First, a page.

Daily Editor Jeffrey Ndubisi shows us the best calculator to buy when you can’t use your trusted TI-84.

If you’ve taken any sort of calculation-heavy class within the past four years, it’s not unlikely that you have one of these seafoam-colored devices in your arsenal.

Why? A fresh-faced you walked onto the Columbia campus with your trusty TI-84 variant in tow, sat down for your first day of lecture in Chemistry, and heard some version of the words “only non-graphing calculators will be allowed on tests.”

You briefly panic. Non-graphing calculator? What is this, the AP? Only a four-function calculator allowed? (Hell, are they even cutting out the square root key?)

In the sentences that follow, you hear something about getting an approved calculator at the bookstore. So after classes are done, you rush into the vertigo-inducing glass building, through its turnstiles, through its other turnstiles, down the escalator, find the calculator, throw down $20, and get to work on your problem sets.

The original sin.

If you’re still using that calculator as your go-to “non-graphing,” please stop. The calculator is…fine, but do know that you have options outside of the bookstore. Crazy.

My personal pick? This guy.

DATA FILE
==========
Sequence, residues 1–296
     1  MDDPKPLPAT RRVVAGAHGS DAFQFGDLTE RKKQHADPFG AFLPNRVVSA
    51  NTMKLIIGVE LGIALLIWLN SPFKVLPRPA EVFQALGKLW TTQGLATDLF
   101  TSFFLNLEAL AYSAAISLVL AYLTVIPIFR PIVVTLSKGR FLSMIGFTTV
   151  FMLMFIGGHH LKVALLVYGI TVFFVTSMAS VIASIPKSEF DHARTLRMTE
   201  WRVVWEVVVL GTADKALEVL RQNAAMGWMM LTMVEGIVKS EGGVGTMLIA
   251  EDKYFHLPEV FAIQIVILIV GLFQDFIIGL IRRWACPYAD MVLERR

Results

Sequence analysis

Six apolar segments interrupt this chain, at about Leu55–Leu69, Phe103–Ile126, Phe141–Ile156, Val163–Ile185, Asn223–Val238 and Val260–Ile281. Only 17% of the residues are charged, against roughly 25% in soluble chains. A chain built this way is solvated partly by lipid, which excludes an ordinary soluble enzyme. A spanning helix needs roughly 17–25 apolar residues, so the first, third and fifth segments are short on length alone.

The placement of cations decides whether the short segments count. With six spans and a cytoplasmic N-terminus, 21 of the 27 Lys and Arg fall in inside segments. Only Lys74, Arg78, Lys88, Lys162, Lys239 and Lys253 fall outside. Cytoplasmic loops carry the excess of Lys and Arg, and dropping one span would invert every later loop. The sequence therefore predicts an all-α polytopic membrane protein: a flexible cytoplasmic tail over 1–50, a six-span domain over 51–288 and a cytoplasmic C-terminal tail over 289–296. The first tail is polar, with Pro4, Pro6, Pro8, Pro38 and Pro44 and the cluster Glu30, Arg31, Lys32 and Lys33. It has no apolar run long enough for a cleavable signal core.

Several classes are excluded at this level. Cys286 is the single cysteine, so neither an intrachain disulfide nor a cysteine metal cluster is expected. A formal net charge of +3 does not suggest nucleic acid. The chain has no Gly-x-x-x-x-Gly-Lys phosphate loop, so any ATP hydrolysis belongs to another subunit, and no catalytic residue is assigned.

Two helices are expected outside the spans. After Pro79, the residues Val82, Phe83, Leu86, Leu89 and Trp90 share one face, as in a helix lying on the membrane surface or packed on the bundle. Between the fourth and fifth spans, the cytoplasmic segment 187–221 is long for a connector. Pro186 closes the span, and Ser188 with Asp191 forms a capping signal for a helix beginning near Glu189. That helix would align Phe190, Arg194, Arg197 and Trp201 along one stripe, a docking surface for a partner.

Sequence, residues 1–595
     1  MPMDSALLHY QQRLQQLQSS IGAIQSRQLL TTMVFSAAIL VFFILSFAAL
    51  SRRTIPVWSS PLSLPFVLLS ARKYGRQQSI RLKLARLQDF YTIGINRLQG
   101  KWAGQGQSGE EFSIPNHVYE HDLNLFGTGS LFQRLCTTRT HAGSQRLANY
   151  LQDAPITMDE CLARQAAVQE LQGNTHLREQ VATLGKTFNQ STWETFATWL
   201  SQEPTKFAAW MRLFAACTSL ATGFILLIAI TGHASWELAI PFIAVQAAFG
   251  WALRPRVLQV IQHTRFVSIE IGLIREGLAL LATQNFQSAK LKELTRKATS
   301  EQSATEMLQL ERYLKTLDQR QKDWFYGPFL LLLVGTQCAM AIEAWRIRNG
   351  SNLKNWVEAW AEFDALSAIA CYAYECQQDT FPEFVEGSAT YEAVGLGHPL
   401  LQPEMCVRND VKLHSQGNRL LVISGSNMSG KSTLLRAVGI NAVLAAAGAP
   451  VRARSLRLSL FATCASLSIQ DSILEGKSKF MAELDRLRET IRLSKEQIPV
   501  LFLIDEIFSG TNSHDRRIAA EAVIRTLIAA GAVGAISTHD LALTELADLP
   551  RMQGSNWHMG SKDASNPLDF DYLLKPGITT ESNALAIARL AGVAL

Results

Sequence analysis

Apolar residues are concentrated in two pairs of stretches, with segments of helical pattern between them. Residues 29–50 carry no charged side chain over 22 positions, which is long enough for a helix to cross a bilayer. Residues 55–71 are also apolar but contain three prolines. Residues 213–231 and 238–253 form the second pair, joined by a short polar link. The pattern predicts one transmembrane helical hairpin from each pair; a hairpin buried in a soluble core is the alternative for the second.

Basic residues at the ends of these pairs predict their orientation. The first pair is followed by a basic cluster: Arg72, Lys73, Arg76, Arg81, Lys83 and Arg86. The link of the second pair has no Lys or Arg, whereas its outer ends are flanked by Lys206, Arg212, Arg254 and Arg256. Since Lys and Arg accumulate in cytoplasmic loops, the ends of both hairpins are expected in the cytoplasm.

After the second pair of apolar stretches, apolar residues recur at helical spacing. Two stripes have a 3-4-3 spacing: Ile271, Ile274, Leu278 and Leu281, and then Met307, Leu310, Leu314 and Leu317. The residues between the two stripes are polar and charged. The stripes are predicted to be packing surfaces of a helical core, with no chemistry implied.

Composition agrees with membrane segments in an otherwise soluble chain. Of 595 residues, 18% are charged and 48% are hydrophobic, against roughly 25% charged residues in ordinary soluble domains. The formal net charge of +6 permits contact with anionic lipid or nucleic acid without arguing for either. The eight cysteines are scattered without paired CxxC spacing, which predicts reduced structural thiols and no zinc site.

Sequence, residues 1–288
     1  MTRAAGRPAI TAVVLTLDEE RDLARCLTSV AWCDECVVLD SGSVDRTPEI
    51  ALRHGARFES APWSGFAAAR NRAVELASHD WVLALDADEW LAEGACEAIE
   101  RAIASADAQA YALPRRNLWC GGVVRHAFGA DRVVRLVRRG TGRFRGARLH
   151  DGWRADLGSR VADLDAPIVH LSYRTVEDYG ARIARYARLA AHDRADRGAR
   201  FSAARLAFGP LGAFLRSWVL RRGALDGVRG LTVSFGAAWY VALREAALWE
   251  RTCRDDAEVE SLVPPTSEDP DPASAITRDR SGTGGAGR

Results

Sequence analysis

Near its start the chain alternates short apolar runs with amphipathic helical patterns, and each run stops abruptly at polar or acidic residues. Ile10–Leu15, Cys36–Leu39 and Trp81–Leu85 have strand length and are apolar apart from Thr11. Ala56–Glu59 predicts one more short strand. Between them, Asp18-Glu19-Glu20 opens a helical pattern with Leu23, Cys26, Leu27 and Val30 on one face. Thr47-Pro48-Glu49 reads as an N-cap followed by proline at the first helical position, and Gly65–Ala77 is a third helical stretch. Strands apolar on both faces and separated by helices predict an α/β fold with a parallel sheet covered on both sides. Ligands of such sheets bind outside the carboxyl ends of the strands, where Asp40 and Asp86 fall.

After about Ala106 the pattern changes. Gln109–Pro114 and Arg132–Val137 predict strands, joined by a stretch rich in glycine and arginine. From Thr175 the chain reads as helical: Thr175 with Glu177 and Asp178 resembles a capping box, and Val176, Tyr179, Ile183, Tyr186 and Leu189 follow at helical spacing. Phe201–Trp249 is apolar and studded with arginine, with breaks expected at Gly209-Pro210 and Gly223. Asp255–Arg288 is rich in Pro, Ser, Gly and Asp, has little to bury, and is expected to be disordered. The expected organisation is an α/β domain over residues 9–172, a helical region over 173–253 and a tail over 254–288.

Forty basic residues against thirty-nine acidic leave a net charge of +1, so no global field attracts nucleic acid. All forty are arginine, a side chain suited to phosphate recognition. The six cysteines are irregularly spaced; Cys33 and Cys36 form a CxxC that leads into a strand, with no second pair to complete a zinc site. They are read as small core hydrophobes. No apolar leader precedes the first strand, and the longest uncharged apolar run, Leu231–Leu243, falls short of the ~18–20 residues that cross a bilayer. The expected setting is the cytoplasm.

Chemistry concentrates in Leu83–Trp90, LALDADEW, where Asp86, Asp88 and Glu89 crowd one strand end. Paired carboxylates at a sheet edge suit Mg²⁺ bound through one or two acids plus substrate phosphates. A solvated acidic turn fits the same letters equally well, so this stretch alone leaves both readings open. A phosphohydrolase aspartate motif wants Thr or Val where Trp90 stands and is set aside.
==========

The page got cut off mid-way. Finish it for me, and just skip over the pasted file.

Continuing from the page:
This is the TI-36X Pro, and I could go over all of the reasons why I love this thing in a later post, but here are my top three features to love about this calculator:

  1. Integrals. There is a way to take integrals directly on this calculator. Quite nice.
  2. Embedded constants. You’re on an exam and you suddenly forget, for whatever reason, that Einstein figured out light’s speed. With that other calculator? Forget it. With this calculator? [2ND] + [  (  ] .

And finally:

  1. Him.
    This honestly makes the entire calculator worth it on its own and makes it outperform even my TI-84. You waste precious seconds on an exam when you have to type some number like 0.00086 in scientific form as 8.6 x 10-4. Where’s the carrot? Is PEMDAS working right? You have more important things to worry about.On top of that, it’s its own dedicated button—no [2ND] button necessary. The TI-84 has it buried under a [2ND] command. Therefore, the TI-84 is shit.

So do yourself a favor and, when it’s opportune, make the switch if you haven’t already. You’ll be happy you did—I guarantee it.

Equations via Bwog Archives